St. Olaf College also complies with the recommendations contained in IRS publication 4077, Tax-Exempt Bonds for 501(c)(3) Charitable Organizations and the report of the Advisory Committee on Tax Exempt and Government Entities, After the Bonds are Issued: Then What?. Highlights of St. Olaf College’s application of certain rules, recommendations and guidelines contained in these resources are:

  • Use of bond proceeds and project eligibility – The College will comply with all applicable Federal, State and contractual restrictions regarding the use and investment of bond proceeds.  Bond proceeds shall be disbursed for:
    – Project costs
    – Capitalized interest (i.e. initial obligations to bondholders)
    – Bond issuance costs, including arbitrage rebates
    To be an eligible project, the property being financed must be owned or, under certain circumstances, leased by St. Olaf College and the intended use must be consistent with the College’s 501(c)(3) exempt purposes. In addition, the project’s address must be listed in the TEFRA notice and must have received environmental approval under the Minnesota Environmental Quality Board (EQB). The Office of the Vice President & Chief Financial Officer will apply additional technical criteria to determine eligibility of projects (e.g. the useful life of projects).
  • Timing of the use of bond proceeds – At the time that bonds are issued it must be intended and expected that the project will be completed within three years of issuance.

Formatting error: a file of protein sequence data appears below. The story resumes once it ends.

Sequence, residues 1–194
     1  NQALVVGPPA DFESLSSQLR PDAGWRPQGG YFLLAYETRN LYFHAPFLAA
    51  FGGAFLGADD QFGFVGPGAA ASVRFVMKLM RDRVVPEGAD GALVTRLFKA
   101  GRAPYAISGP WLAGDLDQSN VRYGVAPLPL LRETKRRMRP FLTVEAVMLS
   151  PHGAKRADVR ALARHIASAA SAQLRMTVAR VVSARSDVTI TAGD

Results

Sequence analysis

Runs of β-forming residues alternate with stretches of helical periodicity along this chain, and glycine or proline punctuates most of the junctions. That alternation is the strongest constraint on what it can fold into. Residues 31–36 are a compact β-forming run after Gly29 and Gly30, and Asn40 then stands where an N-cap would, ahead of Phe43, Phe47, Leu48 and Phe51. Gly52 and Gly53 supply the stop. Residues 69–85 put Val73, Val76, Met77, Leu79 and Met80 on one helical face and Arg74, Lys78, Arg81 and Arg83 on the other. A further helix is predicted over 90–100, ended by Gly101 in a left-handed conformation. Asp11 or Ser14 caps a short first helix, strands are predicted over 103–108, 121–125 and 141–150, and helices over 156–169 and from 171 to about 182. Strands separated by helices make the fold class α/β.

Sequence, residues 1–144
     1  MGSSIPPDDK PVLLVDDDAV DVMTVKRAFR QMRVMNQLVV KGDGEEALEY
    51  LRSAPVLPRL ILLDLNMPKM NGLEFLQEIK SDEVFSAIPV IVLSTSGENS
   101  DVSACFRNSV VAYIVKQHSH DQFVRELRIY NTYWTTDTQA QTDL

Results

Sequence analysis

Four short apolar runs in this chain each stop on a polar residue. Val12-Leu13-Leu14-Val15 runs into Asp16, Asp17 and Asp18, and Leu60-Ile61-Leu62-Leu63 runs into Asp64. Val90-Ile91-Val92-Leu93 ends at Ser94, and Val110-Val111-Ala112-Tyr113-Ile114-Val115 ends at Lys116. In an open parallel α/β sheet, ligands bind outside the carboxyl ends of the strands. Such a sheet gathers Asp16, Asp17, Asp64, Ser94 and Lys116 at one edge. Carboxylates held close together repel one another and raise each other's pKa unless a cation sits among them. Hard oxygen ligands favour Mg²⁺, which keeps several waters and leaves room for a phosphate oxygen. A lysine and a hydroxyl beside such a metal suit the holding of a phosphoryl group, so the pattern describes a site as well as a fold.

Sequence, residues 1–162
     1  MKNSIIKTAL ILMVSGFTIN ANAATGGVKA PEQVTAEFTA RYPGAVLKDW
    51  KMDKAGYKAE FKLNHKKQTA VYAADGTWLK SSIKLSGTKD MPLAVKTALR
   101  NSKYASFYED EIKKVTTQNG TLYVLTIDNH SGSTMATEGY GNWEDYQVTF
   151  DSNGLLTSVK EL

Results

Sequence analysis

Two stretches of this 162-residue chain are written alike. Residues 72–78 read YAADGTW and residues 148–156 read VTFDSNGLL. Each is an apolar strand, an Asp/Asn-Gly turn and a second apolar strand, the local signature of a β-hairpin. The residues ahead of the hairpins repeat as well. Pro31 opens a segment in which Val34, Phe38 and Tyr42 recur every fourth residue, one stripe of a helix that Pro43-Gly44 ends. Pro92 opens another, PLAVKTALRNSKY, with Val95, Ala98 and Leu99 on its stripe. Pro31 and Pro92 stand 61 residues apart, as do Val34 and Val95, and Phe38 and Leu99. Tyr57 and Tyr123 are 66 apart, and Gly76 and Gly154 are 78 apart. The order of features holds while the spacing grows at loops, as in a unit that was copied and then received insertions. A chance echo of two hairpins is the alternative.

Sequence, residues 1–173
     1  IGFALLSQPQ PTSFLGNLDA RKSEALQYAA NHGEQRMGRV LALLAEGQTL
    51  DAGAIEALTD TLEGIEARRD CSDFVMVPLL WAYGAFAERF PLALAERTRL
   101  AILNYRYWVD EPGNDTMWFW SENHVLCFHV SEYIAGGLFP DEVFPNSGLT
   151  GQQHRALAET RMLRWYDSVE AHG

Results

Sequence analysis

• Private business use of tax-exempt financed property – Five percent or less of bond issue proceeds may be used for private business purposes, and such use may only occur if in accordance with tax certificate provisions and in compliance with applicable federal law. Costs of issuance are counted against the 5% limit.  The Office of the Vice President & Chief Financial Officer annually analyzes the status of the tax-exempt financing with regards to the private use limitations.
  • Change of use – Change of a project’s use or contemplated change of use must be reported to the Office of the Vice President & Chief Financial Officer prior to the implementation of the proposed change to ensure compliance with applicable regulations.
  • Arbitrage – The Internal Revenue Code (Section 148 and the Regulations thereunder) provides that interest on bonds is not exempt from tax if the bonds are arbitrage bonds.  To the extent required by applicable laws, regulations and bond covenants, the College will comply with all arbitrage rebate requirements.  The Office of the Vice President & Chief Financial Officer will annually determine any accrued rebate liability, record the liability in the financial statements and make provisions for reserving funds for rebate purposes.
  • Filing of Returns – The Office of the Vice President & Chief Financial Officer works with MNHEFA to prepare and file returns with the IRS relating to arbitrage.
  • Annual Monitoring – College management will monitor for compliance of College debt with bond covenants and state and federal laws and regulations.  A compliance worksheet is maintained and updated on an annual basis by the Office of the Vice President & Chief Financial Officer, detailing the specific covenants and compliance for each bond issuance.
  • Record retention – The College has adopted a record retention policy relating to tax-exempt bonds, pursuant to which records relating to tax-exempt bonds shall be maintained for the entire term of the bond issue plus three years, or, in the case of an issue refunded by one or more subsequent issues, for the combined term of the issues plus three years.

Questions about this policy should be addressed to the Vice President and Chief Financial Officer.